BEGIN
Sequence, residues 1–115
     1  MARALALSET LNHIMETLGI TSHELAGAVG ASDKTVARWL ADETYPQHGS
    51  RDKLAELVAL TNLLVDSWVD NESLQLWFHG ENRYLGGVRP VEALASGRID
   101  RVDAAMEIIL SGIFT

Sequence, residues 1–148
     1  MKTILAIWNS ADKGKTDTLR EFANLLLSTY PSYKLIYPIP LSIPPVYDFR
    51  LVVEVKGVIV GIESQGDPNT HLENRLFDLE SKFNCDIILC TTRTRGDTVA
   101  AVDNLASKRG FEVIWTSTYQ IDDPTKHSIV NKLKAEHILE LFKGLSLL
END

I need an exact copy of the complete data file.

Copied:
Sequence, residues 1–115
     1  MARALALSET LNHIMETLGI TSHELAGAVG ASDKTVARWL ADETYPQHGS
    51  RDKLAELVAL TNLLVDSWVD NESLQLWFHG ENRYLGGVRP VEALASGRID
   101  RVDAAMEIIL SGIFT

Sequence, residues 1–148
     1  MKTILAIWNS ADKGKTDTLR EFANLLLSTY PSYKLIYPIP LSIPPVYDFR
    51  LVVEVKGVIV GIESQGDPNT HLENRLFDLE SKFNCDIILC TTRTRGDTVA
   101  AVDNLASKRG FEVIWTSTYQ IDDPTKHSIV NKLKAEHILE LFKGLSLL